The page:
Almost one year following the shutdown of public schools statewide, Governor Kate Brown announced today she is issuing an executive order that calls on all Oregon school districts to offer full in-person or hybrid instruction to K-5 students by March 29, and grades 6-12 by April 19.
In a letter sent to the Oregon Health Authority (OHA) and Oregon Department of Education (ODE), Brown commended the hard work of Oregonians who have heeded state safety mandates. Because of this—and thanks to the state's vaccine rollout that has prioritized teachers—positive COVID-19 cases have dropped to the point in most counties where she believes schools can be safely reopened.
"Since December," the governor wrote, "COVID-19 case rates and positivity rates have greatly improved across the state and Oregon continues to fare better than almost every state in the nation with regards to infection and mortality rates. Today, all but six Oregon counties meet or exceed Oregon’s advisory metrics for in-person, hybrid instruction for all K-12 grade levels, and five of these counties meet the metrics for resuming in-person, hybrid instruction for students in elementary grades."
“The science is very, very clear," Brown continued. "With proper safety measures in place, there is a low risk of COVID-19 transmission in school."
Because they are in the lowest COVID risk group, children in kindergarten to grade 5 will return to in-class learning first, by March 29, while middle and high school students will soon follow, by April 19. Schools are required to abide by health and safety rules as set down by the Ready Schools, Safe Learners (RSSL) program. However, distance learning options will still be available to students who fall in certain groups, such as if a student or family member is "in a high-risk category for COVID-19 infection," or if the student's community is suddenly overwhelmed by an increase of COVID cases.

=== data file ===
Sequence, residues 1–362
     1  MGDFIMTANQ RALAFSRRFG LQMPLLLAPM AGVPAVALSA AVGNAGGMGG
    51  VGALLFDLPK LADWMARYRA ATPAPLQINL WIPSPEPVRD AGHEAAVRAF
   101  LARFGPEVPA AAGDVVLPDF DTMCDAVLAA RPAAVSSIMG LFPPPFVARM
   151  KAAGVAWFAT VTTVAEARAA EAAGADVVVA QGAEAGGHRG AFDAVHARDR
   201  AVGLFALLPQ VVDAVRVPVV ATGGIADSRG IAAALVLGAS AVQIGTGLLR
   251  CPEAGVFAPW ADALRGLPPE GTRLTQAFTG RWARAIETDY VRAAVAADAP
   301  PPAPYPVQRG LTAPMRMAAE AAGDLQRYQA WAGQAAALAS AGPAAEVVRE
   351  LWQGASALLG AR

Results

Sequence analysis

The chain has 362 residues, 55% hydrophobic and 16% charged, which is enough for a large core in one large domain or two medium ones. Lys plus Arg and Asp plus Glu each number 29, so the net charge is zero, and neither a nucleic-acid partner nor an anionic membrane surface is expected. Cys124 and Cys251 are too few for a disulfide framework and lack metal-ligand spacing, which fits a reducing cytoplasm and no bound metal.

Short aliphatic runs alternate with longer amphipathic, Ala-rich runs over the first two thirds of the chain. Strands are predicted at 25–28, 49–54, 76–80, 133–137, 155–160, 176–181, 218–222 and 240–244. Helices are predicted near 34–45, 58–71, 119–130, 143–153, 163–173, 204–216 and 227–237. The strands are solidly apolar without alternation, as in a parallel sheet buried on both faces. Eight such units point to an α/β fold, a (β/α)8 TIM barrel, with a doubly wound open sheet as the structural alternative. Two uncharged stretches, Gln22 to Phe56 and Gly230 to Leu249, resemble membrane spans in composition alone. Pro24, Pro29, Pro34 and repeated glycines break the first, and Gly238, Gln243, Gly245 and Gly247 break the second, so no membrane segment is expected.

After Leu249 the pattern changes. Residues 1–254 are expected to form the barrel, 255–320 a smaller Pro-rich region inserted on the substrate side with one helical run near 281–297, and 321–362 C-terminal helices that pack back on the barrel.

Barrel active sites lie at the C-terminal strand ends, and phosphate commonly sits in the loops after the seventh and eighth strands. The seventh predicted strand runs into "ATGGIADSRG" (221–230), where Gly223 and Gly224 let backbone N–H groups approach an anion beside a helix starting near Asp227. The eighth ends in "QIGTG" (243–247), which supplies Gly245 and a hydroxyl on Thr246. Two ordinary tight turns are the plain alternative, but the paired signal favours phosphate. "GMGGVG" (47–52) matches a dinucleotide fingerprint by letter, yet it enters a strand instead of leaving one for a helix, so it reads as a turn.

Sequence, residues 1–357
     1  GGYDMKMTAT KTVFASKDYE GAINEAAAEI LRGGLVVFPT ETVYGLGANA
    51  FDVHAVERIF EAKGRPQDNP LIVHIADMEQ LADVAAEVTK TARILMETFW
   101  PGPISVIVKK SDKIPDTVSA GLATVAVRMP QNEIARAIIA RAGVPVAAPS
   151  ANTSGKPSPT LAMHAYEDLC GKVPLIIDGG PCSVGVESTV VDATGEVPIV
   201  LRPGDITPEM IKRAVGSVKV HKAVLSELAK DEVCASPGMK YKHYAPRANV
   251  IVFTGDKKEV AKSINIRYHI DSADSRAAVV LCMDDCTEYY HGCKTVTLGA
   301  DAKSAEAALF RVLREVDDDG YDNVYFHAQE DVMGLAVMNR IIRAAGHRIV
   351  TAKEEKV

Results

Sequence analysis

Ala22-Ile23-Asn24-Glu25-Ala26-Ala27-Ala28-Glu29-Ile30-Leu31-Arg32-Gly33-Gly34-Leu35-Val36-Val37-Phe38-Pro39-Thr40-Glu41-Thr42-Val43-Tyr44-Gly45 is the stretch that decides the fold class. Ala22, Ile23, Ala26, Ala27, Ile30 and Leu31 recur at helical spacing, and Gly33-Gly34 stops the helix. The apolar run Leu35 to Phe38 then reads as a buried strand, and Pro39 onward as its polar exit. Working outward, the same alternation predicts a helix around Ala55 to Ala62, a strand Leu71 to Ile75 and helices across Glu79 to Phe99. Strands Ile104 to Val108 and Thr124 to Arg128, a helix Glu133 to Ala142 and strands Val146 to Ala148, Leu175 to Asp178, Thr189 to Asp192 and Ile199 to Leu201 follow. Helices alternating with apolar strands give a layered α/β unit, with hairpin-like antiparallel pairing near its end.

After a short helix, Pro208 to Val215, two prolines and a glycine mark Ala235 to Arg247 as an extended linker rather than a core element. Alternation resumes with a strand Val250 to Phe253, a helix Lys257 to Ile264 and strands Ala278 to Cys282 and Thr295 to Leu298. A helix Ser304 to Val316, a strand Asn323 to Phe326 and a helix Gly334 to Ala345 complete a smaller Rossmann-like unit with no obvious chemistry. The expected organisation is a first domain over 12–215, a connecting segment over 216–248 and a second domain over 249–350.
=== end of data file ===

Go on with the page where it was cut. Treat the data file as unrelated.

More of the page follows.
In late January, teachers were given vaccine priority over seniors, as laid out by Brown's plan, in anticipation of getting students back in school as soon as possible. A February report from the CDC advised states on ways to safely return children to classes. But the various labor unions for Oregon's teachers have made it very clear that their members would only return to in-school classes when it was safe to do so.
The question still remains, after a year of the pandemic, whether a majority of parents will feel comfortable sending their children back to in-class instruction. In various surveys sent to parents by their school districts, reaction has been mixed. Many worry about students bringing home the virus to family members who fall within the high-risk category, while others are concerned about the children who have struggled with at-home learning and fear for their mental health.